• Flag any submission that would further contribute to a field-specific QC warning raised during the last full evaluation. If you select this option and an incoming submission has a field value that would worsen an existing Value is too frequent, Mean is too low, or Mean is too high warning, that submission will be flagged for review. For example, if the last full quality-check evaluation triggered a warning for a specific field having too many -888 (don't know) responses and an incoming submission also had a -888 response in that field, the submission would be held for review. Likewise, if a field's mean is already triggering warnings because it is above or below a certain threshold – and an incoming submission has a value also above or below that threshold – then the submission would be held for review.
  • Flag a random percentage of submissions. Even if you use quality checks to flag submissions for review, it's always good practice to review some percentage completely at random. After all, your quality checks can't catch everything, and in fact random review can help you to identify where and how to strengthen your automated checks. So here, you can specify what percentage of submissions to flag and hold at random. This percentage only applies to those submissions not already flagged based on quality checks (so, e.g., if 20% of incoming submissions get flagged for quality checks and you configure 10% to be flagged at random, only 10% of the 80% that aren't already flagged would be flagged at random).

Note that you can use Value is too low or Value is too high warnings to trigger review based on arbitrary criteria. For example, say that you wanted to review all submissions for women over 75 years old. You could add a calculate field into your form, with a calculation expression like "if(${gender}='F' and ${age}>75, 1, 0)", and then add a Value is too high quality check on that field, to warn whenever it is greater than 0. You could then configure your workflow to flag incoming submissions for review whenever they have submission-specific QC warnings, which would include any submissions for women over 75 years old.

In addition to choosing which submissions to hold for review, you can also configure a range of other workflow options. For example, you can require that users add comments to explain every correction they make to the data, enable or disable a bulk "approve all" option, and, for encrypted forms, choose whether to encrypt comments or leave them open (so that team members without the private key can see them). You can also allow un-approving or un-rejecting submissions, so that your team can reconsider any submission at any time; before you enable un-approving and un-rejecting, though, you should read about the potential consequences for downstream data systems.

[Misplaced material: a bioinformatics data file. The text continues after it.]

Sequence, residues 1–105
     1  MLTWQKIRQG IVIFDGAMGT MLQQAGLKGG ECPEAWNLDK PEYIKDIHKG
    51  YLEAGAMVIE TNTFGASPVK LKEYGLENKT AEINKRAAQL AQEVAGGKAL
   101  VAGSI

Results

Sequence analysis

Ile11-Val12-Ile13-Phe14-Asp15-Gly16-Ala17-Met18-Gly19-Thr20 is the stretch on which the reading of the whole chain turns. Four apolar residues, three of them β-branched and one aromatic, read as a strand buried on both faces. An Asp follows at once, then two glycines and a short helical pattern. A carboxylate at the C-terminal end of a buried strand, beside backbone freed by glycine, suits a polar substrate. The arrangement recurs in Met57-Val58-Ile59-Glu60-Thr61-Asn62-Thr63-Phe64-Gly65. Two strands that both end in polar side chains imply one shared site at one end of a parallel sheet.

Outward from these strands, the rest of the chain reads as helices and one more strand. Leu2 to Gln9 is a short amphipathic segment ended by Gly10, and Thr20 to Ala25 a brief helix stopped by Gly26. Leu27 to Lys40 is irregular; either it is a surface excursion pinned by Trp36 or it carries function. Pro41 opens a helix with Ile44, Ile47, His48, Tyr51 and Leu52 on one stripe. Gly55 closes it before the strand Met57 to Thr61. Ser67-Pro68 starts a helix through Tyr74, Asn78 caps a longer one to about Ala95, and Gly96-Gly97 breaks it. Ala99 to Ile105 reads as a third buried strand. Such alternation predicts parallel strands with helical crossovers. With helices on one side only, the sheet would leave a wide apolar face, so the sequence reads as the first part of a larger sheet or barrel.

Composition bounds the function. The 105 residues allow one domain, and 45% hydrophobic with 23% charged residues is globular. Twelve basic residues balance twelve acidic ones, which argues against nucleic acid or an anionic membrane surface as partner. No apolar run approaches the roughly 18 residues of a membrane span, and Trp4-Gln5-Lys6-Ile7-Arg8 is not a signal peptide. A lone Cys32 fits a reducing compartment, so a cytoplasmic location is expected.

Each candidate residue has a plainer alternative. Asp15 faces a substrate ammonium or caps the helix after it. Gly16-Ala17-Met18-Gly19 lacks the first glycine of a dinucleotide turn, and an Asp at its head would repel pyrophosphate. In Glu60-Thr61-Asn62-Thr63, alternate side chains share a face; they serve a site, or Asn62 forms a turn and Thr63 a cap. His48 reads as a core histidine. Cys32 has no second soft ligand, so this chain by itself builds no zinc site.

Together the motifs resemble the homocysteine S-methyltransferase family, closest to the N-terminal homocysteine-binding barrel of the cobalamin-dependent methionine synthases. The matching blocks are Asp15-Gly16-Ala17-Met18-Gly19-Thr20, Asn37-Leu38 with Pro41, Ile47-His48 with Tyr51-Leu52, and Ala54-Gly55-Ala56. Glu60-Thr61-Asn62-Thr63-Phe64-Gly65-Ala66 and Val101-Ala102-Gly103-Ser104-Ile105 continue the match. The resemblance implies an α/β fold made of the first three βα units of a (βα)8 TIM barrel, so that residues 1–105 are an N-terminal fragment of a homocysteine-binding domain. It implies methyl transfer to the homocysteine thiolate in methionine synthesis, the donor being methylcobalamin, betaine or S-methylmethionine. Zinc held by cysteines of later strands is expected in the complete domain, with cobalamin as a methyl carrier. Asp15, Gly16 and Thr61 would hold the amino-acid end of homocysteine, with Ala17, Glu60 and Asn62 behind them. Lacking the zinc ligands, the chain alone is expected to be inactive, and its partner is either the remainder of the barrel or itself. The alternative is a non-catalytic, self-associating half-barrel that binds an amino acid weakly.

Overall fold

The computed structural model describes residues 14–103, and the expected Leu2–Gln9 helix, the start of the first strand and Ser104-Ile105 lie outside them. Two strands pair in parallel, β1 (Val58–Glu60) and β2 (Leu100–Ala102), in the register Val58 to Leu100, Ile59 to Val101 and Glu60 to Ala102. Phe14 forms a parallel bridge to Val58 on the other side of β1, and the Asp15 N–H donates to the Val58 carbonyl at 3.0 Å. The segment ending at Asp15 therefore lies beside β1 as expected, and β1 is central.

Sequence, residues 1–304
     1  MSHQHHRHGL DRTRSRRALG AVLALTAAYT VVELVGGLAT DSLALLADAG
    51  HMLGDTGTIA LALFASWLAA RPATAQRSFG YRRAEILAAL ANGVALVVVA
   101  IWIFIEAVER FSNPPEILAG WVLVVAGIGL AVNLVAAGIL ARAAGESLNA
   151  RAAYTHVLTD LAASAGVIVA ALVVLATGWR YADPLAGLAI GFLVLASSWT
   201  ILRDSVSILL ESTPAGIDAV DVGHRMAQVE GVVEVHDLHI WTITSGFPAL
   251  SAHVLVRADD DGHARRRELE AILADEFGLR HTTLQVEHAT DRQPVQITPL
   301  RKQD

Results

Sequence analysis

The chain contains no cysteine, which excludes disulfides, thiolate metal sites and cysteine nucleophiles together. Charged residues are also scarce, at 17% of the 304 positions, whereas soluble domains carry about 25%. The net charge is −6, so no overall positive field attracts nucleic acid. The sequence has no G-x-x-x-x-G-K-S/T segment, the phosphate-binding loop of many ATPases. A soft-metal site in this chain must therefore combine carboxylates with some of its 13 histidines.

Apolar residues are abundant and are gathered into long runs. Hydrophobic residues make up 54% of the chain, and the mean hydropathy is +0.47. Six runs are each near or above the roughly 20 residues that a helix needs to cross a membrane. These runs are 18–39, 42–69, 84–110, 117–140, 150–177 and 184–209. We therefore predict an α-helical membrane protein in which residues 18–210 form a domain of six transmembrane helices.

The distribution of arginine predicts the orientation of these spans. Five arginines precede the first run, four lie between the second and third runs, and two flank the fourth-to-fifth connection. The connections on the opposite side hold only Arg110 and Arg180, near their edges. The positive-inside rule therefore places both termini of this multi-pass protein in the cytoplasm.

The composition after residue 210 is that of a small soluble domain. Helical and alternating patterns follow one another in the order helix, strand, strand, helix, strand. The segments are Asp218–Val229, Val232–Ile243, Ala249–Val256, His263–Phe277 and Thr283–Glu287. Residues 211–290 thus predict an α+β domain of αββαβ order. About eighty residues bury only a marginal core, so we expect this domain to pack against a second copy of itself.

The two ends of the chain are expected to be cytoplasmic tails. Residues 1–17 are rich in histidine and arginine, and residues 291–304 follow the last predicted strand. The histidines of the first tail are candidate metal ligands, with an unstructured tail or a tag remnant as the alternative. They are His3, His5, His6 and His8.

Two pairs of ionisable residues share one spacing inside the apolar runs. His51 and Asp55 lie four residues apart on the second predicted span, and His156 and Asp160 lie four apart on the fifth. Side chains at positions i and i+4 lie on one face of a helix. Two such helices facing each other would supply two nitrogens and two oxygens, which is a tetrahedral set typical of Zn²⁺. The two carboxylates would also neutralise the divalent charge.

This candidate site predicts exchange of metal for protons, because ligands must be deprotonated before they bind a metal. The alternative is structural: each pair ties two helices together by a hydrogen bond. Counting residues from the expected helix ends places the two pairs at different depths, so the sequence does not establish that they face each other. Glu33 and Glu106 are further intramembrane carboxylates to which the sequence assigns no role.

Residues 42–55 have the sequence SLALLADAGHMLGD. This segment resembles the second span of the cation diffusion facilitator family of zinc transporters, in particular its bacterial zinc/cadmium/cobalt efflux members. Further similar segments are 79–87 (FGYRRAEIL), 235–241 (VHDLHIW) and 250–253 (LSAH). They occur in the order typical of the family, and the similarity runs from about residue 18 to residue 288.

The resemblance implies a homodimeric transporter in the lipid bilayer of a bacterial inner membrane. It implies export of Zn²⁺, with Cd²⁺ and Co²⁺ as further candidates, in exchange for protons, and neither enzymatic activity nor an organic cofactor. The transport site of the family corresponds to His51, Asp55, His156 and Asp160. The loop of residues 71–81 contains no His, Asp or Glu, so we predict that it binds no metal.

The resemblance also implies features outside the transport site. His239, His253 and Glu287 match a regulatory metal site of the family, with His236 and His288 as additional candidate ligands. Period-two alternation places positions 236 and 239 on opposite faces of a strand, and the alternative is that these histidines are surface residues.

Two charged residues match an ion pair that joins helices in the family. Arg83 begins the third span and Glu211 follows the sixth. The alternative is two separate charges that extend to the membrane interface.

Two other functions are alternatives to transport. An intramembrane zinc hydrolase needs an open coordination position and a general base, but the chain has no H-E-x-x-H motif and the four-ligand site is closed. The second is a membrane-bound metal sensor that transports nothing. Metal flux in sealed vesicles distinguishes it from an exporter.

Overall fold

Review and correction workflow: actual review, correction, and classification

When there are submissions awaiting review, you will be alerted on the Monitor tab, and you will find options to review and approve submissions in the Form submissions and dataset data section of that tab. There, you will be able to approve waiting submissions in bulk, review them one-by-one, or explore them in aggregate.

You review submissions in the Data Explorer, where you can safely review even encrypted data. For each submission you review, your tasks are as follows:

  1. Review. Fundamentally, you want to take a careful look at each submission, to assess its quality. Factors to consider include the logical consistency between different responses, corroborating photos and GPS locations, audio audits, "speed limit" violations, the time spent on individual questions, and more. See the help topic on Collecting high-quality data for a broad discussion of considerations and tools at your disposal.
  2. Classify. You'll need to classify the initial quality of the submission, how it was on receipt. Your options are: GOOD (no problems found), OKAY (one or more minor problems), POOR (serious and/or many problems), or FAKE (fake or fraudulent responses). Classification is subjective, so just do your best to choose the most reasonable classification for each submission.
  3. Comment and correct. As you discover problems, you can make corrections to the data. You can also add comments, either to the submission overall, or to individual fields or corrections. When it comes to making corrections, please note the following:

    • SurveyCTO allows you to edit the raw data for most fields, and there is no validation to constrain the changes you make – so you have to be careful not to introduce mistakes or invalid data.
    • If you encrypt your data, don't worry: even your corrections will be encrypted so that they are only visible to those who have your private key.